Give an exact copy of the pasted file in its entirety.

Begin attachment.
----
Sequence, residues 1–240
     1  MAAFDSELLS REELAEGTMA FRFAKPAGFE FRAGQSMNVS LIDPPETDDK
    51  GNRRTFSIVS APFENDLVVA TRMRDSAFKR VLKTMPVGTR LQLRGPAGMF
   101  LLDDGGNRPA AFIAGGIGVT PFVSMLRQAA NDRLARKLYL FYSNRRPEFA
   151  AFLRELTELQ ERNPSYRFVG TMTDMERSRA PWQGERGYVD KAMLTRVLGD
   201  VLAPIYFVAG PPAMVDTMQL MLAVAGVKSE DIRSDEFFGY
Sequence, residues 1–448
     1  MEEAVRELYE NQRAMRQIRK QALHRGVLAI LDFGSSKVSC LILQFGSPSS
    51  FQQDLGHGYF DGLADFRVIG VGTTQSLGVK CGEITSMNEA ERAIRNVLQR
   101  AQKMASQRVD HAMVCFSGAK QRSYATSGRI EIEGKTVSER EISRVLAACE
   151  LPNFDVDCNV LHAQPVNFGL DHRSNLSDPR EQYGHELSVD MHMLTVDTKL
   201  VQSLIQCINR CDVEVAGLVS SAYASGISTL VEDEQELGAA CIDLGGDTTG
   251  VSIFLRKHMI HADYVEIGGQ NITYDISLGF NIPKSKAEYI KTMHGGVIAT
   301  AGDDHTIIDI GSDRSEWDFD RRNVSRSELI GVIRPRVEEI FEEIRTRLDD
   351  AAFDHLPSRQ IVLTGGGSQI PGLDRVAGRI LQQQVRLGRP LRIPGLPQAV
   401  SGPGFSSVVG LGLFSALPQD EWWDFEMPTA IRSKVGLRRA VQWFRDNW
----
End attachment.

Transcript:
Sequence, residues 1–240
     1  MAAFDSELLS REELAEGTMA FRFAKPAGFE FRAGQSMNVS LIDPPETDDK
    51  GNRRTFSIVS APFENDLVVA TRMRDSAFKR VLKTMPVGTR LQLRGPAGMF
   101  LLDDGGNRPA AFIAGGIGVT PFVSMLRQAA NDRLARKLYL FYSNRRPEFA
   151  AFLRELTELQ ERNPSYRFVG TMTDMERSRA PWQGERGYVD KAMLTRVLGD
   201  VLAPIYFVAG PPAMVDTMQL MLAVAGVKSE DIRSDEFFGY
Sequence, residues 1–448
     1  MEEAVRELYE NQRAMRQIRK QALHRGVLAI LDFGSSKVSC LILQFGSPSS
    51  FQQDLGHGYF DGLADFRVIG VGTTQSLGVK CGEITSMNEA ERAIRNVLQR
   101  AQKMASQRVD HAMVCFSGAK QRSYATSGRI EIEGKTVSER EISRVLAACE
   151  LPNFDVDCNV LHAQPVNFGL DHRSNLSDPR EQYGHELSVD MHMLTVDTKL
   201  VQSLIQCINR CDVEVAGLVS SAYASGISTL VEDEQELGAA CIDLGGDTTG
   251  VSIFLRKHMI HADYVEIGGQ NITYDISLGF NIPKSKAEYI KTMHGGVIAT
   301  AGDDHTIIDI GSDRSEWDFD RRNVSRSELI GVIRPRVEEI FEEIRTRLDD
   351  AAFDHLPSRQ IVLTGGGSQI PGLDRVAGRI LQQQVRLGRP LRIPGLPQAV
   401  SGPGFSSVVG LGLFSALPQD EWWDFEMPTA IRSKVGLRRA VQWFRDNW